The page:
Does your organization process, store, transmit, or use educational records? Are you responsible for ensuring that the information of students remains secure? FERPA is one of the most significant federal regulations in the education sector, aimed at protecting the privacy of students and their parents. Undergoing a FERPA audit is one way that educational institutions can identify and mitigate any vulnerabilities in their security infrastructure and are doing what is needed to protect students’ information. In this guide, you’ll learn the rights FERPA gives students and their parents, the controls used to assess an organization’s FERPA compliance, how a FERPA audit could benefit your organization, and ways that you can prepare for a FERPA audit. Let’s start with the basics first.
What is a FERPA Audit?
The Family Educational Rights and Privacy Act (FERPA) governs the access and privacy of educational information and records, such as enrollment information, GPAs, billing information, student course schedules, and student financial records. The educational records that a covered entity or business associate creates, receives, maintains, or transmits must be protected against reasonably anticipated threats, hazards, and impermissible uses and/or disclosures. FERPA compliance protects the confidentiality, integrity, and availability of educational records.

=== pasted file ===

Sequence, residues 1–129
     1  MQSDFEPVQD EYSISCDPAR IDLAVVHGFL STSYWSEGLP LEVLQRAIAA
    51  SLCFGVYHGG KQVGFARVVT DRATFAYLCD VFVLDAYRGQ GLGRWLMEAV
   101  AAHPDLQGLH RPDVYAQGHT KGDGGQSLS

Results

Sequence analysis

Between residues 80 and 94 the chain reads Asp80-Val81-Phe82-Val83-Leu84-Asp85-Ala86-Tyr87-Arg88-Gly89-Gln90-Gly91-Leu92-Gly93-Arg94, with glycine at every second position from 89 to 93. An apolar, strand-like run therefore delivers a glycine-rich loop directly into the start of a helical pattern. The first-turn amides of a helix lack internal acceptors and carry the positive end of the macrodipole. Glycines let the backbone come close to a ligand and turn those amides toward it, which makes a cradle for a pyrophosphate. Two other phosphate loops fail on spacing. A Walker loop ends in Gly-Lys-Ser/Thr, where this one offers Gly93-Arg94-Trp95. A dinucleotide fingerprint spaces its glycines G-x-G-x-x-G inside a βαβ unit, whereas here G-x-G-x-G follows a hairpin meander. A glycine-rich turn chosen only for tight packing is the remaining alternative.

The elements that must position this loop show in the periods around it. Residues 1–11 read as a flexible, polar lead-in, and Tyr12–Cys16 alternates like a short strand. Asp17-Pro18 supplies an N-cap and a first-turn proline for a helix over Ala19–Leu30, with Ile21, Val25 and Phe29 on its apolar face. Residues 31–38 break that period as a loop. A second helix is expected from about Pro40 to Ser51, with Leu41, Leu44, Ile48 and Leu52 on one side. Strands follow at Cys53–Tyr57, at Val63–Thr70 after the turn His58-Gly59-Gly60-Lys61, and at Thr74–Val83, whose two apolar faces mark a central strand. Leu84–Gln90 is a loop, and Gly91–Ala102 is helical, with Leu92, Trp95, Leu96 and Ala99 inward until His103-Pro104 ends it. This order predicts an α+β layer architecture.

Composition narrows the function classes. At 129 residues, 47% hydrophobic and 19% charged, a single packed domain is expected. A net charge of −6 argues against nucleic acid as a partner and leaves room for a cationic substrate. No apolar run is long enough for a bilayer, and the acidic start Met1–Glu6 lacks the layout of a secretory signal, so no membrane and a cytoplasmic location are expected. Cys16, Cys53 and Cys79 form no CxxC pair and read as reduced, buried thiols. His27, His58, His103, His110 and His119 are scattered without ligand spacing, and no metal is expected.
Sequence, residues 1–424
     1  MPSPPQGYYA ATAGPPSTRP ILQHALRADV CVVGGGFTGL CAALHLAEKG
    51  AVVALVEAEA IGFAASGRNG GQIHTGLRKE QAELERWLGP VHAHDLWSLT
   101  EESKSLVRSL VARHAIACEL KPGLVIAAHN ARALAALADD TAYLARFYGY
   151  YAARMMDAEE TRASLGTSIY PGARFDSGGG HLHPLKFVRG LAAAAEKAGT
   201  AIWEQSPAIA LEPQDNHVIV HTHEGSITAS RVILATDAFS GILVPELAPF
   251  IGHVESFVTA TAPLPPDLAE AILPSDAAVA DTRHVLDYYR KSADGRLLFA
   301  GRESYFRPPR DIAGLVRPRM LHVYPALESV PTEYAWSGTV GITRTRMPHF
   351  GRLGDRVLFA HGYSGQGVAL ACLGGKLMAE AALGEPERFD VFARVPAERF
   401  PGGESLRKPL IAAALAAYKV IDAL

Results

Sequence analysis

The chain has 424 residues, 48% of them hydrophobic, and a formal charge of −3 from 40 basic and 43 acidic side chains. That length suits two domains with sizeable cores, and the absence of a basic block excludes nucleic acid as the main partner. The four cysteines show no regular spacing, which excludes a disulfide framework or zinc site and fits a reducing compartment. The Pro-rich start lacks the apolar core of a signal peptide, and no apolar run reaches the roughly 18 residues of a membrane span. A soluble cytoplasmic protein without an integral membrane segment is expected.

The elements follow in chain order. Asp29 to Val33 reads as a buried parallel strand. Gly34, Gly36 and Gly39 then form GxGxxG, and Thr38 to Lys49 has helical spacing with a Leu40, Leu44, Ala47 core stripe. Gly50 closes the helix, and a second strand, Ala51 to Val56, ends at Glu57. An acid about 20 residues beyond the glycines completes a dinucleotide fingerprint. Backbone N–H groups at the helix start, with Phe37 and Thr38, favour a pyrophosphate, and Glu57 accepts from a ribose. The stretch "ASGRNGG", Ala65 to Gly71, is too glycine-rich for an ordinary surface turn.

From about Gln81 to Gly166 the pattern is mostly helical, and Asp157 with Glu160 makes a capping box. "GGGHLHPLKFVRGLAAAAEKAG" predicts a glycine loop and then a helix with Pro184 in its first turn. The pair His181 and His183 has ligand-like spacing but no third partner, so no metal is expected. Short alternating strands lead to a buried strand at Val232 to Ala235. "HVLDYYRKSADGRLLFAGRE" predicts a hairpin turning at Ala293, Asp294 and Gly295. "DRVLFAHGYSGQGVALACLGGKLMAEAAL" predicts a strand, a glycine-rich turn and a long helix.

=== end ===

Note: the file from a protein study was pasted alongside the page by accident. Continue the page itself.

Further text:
Who Needs a FERPA Audit?
Are you a service provider to educational institutions? Are you an educational institution or agency that receives federal funding? If your organization is an educational institution that receives federal funding or an organization that creates, receives, maintains, or transmits educational records, you must be compliant with FERPA.
What are the Benefits of Receiving a FERPA Audit Report?
FERPA compliance affirms the security of your services and gives your organization the ability to provide clients and regulators with evidence from an auditor who has actually seen your internal controls in place and operating. FERPA compliance can help your organization maintain loyal clients and attract new ones, operate more efficiently, avoid fines for non-compliance or a loss of federal funding, and most importantly: assure clients and regulators that students’ personal data is protected.